Booming utility vehicle sales have boosted Canada’s new vehicle market to unseen highs in the first half of 2014. Despite falling car sales and a slight decline in overall pickup truck volume, Canada’s auto industry is up nearly 3% through the first six months of 2014, an increase of some 25,000 units compared with the first half of 2013.
Tag: honda civic
Honda is gearing up to launch the all-new, turbocharged Civic Type-R, but they’ve actually made a boosted Civic before. And it was badged as a Triumph. The last Triumph ever, in fact.
My brother-in-law’s 1997 Honda Civic took a vacation recently, and it only cost me about $700.
Oh, California, the trend-setting coastal paradise that once sparked a revolution in the American car market. Fully half of cars sold in the Golden State are from Japanese brands, and for a couple of years, the top dog was the Toyota Prius – about as opposite as could be from the rest of the country, where the Ford F-Series reigns supreme. But there’s a new leader in the sales charts, and it’s a bit more mainstream (or “normcore” as the kids are saying these days).
Before Subaru finally nailed down the sales-clinching formula for a car that had four-wheel-drive but didn’t seem too truck-like, all the major Japanese car manufacturers took at shot at building little sedans and wagons with power going to all the wheels. Since I live in Colorado, I get to see examples of each of those 1980s efforts, most of which didn’t result in much showroom action but are still pretty interesting today. In this series, we’ve seen a Camry All-Trac, quite a few Corolla All-Tracs, lots of Tercel 4WD wagons, countless elderly Subarus, and so on. The Honda Shuttle aka Civic Wagovan shows up in Denver wrecking yards as well, and I don’t bother to photograph most of them. This late Wagovan with the futuristic “Real-Time” four-wheel-drive system, however, is a rare find even in Colorado. (Read More…)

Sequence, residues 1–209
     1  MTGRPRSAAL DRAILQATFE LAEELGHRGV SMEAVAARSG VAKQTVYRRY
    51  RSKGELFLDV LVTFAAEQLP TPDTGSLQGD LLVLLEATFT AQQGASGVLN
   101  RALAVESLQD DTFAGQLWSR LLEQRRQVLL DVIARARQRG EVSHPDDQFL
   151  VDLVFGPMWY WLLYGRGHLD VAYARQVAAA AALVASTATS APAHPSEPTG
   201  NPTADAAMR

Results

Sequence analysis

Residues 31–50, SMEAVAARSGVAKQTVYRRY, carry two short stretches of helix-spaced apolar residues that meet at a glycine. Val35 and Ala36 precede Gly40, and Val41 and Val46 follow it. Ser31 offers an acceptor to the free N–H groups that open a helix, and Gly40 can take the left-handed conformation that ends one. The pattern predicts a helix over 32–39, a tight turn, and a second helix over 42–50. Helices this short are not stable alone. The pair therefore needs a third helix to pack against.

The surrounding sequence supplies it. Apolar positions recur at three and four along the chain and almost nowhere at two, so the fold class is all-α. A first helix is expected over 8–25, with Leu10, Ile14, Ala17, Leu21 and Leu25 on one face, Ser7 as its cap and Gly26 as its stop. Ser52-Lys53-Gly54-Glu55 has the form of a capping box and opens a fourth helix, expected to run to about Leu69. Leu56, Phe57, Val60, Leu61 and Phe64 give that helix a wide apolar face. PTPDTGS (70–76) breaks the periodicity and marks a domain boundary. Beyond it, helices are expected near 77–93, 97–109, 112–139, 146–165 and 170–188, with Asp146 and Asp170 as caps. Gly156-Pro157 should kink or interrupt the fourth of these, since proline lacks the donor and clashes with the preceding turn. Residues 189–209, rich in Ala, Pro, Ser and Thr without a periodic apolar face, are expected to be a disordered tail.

Back in September, I wrote a piece lamenting the death of Honda’s high-perofrmance hallmark, the twin-cam VTEC 4-cylinder engine. It was just the sort of article many of you are fed up with: a lengthy piece filled with flowery prose and Honda fanboy-ism sprinkled with a condescending explanation of the auto industry’s inner workings. Miraculously, it was fairly well-received. But I’ve had a change of heart.
Honda has announced that the hybrid gas-electric version of the 2014 Civic is now available across the United States and that later this month the compressed natural gas powered Civic will join the lineup in 37 states. The hybrid is rated by the EPA at 44/47/45 city/highway/combined miles per gallon while the CNG Civic is rated at 31 mpg across the board. Prices start at $24,635 for the hybrid and $26,640 for the CNG model. (Read More…)
My wife and I finally bought a brand new Honda Accord. She loves it, and I now have one less worry in my life.
With that one less worry though comes two more things, in the form of two similarly sized cars. At least one of which I no longer need.
It is a sound that is familiar to anyone of my generation, the manic buzzsaw howl of a Honda 4-cylinder. Unfairly tarnished in the minds of the public by legions of single-cam D-Series breathing through a potmetal Pep Boys muffler, the Honda 4-cylinder produced a truly moving tune in its highest iterations, the twin cam VTEC B-Series models, as they growled their way to stratospheric redlines. That era is officially over.
On paper and in person, the 2014 Kia Forte looks like a Very Good Car™. Is it really, though? The outgoing Forte pulled the same trick, looking all the world like it was going to keep the Honda Civic, Toyota Corolla and Ford Focus up at night, an illusion that fell apart upon driving. Oh sure, the Forte has always been very good looking, and Kia is known for offering a lot more equipment for less money, but you can’t just strap styling and stuff to a base-model-1992 driving experience and call it a day. And that is why there’s a 2014 Kia Forte, with great new looks and a price-to-equipment ratio that would please even the crustiest quartermaster. Fine, newly-minted college graduates (at least those with jobs) and equally-new AARP card holders looking to downsize will still be thrilled, but what about the enthusiast?